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A proposal to create an open source bank of multiple choice exam questionsEdit
Such a bank would
- consist of questions that everybody sees and edits
- reduce the cost of first-year introductory college courses
An effort to construct this bank is underway at Wikiversity:Quizbank. Students have already contributed to this bank.
An open source bank of approximately 600 multiple choice exam questions has already been created for some introductory college physics courses. Software that includes randomization and appropriate pagebreaks converts a Mediawikiwiki:Extension:Quiz into printable documents that can be distributed in a classroom. Aside from reducing the cost of those large-enrollment "101-type" courses that students face in the first two years of college, the bank would also:
- permit autodidacts to document competency at zero cost
- make for simple but effective writing assignments in these courses
- ensure that students show up for a lecture or begin a project with basic facts already memorized
The software needs a lot of work and improvement. At the moment, only a person intimately familiar with the MATLAB code can create the exams. Until better software is developed, exams can be prepared and distributed to instructors. See for example, this collection of study guides for a course called "How things work":
These exams are already being used at Wright State University Lake Campus on the following courses:
- Wikiversity:Physics equations (first year calculus and trig based physics)
- Wikiversity:Astronomy college course
- Wikiversity:How things work college course
After the first year of using these exams, some unexpected challenges and opportunities emerged:
- Since the answers are already given, students can "learn" the material without attending lectures
- Students like "knowing what will be on the test" (obviously)
- Showing physics students exactly how to solve the problems renders the initial learning curve much more gentle
- Advanced students do not suffer because they naturally avoid mindless memorization and know how to think and challenge every step
- In the conceptual "fact-based" courses, students enjoy writing test questions. Though the questions are rarely of sufficient quality to be pasted directly into the bank, they often inspire good questions. (For example, a student question on the relative mass and diameter of the Sun and Jupiter, inspired this quiz that introduces students to fractional dimensions. )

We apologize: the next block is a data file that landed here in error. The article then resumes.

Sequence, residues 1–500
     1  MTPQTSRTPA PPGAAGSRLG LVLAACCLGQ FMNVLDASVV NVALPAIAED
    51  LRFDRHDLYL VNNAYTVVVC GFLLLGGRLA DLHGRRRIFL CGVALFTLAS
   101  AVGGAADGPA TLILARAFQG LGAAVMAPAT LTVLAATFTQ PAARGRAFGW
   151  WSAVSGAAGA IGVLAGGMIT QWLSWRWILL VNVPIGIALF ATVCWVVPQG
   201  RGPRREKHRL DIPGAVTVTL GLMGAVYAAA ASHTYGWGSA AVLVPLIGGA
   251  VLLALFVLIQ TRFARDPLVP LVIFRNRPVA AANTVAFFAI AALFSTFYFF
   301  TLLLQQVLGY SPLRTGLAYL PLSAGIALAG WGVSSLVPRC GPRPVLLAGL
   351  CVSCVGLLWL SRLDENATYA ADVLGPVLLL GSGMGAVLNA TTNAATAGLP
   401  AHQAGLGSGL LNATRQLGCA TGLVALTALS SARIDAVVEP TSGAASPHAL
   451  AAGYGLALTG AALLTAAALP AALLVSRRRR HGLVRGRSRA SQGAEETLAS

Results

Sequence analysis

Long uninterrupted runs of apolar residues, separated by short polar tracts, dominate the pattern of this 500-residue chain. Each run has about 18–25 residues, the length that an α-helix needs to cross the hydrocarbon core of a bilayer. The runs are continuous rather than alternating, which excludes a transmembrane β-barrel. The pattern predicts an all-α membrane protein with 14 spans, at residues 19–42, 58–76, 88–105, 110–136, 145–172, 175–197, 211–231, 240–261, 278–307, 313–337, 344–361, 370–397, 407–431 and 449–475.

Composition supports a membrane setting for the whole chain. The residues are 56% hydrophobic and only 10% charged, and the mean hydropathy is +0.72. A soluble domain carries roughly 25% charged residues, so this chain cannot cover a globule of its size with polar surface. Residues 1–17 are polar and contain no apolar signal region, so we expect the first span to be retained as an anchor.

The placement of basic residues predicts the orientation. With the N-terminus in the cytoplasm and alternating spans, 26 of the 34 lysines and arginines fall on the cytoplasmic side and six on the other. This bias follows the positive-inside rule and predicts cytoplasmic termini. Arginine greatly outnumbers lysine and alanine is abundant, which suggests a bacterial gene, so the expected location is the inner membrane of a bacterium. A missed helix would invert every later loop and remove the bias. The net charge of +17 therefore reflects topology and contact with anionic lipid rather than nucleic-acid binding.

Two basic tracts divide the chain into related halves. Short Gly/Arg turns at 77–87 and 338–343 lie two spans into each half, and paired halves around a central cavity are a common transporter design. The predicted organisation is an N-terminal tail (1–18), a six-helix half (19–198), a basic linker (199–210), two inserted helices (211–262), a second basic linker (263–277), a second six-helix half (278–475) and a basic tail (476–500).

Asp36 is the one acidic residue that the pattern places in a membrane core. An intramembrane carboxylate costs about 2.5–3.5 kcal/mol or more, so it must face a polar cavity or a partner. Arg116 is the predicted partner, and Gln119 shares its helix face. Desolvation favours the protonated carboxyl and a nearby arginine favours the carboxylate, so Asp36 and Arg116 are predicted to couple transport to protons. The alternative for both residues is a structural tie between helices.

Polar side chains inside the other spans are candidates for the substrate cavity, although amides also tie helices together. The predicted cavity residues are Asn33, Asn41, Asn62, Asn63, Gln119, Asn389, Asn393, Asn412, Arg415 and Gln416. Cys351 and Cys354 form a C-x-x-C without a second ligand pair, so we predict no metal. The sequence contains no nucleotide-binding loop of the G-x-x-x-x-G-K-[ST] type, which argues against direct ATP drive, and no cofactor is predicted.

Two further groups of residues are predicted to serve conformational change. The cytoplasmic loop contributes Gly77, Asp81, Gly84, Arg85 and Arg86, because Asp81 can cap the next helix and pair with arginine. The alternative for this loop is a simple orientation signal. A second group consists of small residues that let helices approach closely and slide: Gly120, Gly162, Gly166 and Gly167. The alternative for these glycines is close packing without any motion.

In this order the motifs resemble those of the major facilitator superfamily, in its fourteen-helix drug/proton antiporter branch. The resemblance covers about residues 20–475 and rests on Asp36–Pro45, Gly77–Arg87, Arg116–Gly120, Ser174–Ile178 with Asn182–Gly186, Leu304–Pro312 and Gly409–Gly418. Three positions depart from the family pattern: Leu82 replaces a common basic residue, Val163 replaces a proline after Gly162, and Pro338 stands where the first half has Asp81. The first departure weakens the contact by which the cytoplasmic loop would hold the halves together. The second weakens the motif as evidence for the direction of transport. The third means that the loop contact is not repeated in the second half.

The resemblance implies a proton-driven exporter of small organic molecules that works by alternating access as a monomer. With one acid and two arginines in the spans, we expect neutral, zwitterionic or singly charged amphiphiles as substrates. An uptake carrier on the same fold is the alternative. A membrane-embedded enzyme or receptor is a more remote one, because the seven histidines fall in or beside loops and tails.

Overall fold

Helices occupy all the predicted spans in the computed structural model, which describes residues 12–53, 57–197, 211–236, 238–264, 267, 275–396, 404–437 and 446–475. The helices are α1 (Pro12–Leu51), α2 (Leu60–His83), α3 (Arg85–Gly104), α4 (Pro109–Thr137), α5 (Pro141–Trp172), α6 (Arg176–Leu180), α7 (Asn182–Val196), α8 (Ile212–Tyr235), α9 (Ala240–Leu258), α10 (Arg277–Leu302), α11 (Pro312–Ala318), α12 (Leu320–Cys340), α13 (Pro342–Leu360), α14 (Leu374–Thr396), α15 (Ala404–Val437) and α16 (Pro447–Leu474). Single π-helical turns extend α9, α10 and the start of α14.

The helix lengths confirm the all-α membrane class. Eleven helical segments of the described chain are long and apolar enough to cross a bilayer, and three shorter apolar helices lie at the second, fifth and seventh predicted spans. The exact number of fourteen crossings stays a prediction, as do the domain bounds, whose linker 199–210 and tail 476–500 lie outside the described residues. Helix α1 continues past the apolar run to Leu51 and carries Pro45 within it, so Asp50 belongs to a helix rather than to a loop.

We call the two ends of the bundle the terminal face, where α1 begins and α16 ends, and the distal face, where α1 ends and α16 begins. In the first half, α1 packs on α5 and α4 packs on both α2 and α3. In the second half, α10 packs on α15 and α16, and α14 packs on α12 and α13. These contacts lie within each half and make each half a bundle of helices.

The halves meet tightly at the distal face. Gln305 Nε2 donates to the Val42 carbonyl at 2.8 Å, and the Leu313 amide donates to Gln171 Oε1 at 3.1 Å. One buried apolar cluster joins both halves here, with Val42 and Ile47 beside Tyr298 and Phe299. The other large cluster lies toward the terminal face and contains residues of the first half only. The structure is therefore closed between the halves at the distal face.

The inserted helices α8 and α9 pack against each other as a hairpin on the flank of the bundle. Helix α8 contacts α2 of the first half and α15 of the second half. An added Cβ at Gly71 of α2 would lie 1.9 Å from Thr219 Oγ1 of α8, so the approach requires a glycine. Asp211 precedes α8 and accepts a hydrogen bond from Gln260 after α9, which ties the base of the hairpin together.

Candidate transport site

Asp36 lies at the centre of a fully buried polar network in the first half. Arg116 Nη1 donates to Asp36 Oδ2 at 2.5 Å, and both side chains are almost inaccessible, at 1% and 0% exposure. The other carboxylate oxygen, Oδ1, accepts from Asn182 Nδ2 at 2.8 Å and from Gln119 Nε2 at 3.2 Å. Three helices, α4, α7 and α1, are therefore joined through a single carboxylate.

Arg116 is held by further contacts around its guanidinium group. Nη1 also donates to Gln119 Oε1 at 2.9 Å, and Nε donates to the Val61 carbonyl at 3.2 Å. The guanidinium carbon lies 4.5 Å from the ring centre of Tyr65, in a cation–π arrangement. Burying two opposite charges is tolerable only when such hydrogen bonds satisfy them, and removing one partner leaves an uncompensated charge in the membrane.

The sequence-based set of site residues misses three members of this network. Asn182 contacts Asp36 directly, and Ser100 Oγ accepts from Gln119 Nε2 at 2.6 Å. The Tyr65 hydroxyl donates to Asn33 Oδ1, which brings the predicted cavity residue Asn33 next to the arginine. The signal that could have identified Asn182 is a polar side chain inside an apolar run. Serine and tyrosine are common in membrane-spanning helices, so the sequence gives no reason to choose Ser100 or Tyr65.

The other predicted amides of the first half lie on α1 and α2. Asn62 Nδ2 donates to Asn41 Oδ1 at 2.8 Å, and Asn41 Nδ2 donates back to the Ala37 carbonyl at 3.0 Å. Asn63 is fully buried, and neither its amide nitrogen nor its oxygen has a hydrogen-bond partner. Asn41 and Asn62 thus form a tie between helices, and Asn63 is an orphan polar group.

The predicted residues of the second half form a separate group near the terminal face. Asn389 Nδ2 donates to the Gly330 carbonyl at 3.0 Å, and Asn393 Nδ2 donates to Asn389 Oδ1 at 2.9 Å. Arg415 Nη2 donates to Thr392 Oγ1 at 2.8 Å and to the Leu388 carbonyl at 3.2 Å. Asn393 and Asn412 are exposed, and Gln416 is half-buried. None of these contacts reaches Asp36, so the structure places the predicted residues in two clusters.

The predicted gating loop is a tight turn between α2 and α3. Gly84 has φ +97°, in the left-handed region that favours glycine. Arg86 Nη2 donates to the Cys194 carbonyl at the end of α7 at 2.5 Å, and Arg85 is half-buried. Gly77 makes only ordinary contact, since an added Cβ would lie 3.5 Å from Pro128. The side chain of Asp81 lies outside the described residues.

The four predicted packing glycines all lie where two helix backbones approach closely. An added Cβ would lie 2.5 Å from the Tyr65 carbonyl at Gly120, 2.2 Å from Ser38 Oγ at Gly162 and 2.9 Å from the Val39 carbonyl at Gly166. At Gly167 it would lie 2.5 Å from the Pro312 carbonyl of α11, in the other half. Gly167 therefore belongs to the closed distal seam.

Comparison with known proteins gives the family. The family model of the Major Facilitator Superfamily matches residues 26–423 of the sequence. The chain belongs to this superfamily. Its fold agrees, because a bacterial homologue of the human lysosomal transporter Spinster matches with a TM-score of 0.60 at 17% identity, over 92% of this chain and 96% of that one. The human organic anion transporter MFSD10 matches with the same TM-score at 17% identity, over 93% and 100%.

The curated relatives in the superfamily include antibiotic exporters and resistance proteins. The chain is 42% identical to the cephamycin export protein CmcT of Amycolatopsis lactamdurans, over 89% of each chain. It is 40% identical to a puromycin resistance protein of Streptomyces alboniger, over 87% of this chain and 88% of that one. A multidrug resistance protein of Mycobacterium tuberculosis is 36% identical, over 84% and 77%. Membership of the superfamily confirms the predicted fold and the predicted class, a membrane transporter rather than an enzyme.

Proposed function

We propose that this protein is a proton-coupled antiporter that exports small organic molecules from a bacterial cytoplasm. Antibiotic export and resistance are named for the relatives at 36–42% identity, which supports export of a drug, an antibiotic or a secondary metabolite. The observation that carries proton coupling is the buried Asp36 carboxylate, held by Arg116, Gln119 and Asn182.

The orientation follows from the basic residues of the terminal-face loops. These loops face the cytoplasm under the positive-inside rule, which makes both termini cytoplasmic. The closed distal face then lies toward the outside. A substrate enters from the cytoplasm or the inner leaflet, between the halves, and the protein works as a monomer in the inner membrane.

- The biggest challenge is that most students do not read the Wikipedia article associated with the quiz. Worse yet, students who have convinced me that they have carefully read and comprehended the article do not do as well as students who just study the practice quizzes online. Remedies to this problem include:
- Requiring students to explain 2 or 3 questions and their answers.
- Allowing "extra credit" exercises that permit students to raise their grade by contributing to Wikipedia. See for example c:File:Paper Clip Lab.webm and c:File:Sound_of_falling_beads_lab.gif this drawing that was contributed by a student who chose not to become an editor (not the handwritten release at the bottom).
- An attempt is underway to base the quizzes not on Wikiversity articles, but on PBS NOVA shows that can be shown in the classroom (See, v:Astronomy_college_course/Chasing_Pluto)
- Another challenge is that of writing test questions with the understanding that students can see them. This changes the definition of a "good" test question in ways that are not fully understood.
- It is important for instructors to realize that such exams are low-quality assessments that can only for a portion of the total grade assessment.
Ideas for social media messages promoting the published post:
(We can greatly reduce the cost of higher education by creating a Wikipedia-like bank of exam questions) ---------|---------|---------|---------|---------|---------|---------|---------|---------|---------|---------|------/
- Worried about the rising cost and debt of higher education? Help write a bank of exam questions for all to read, edit, and use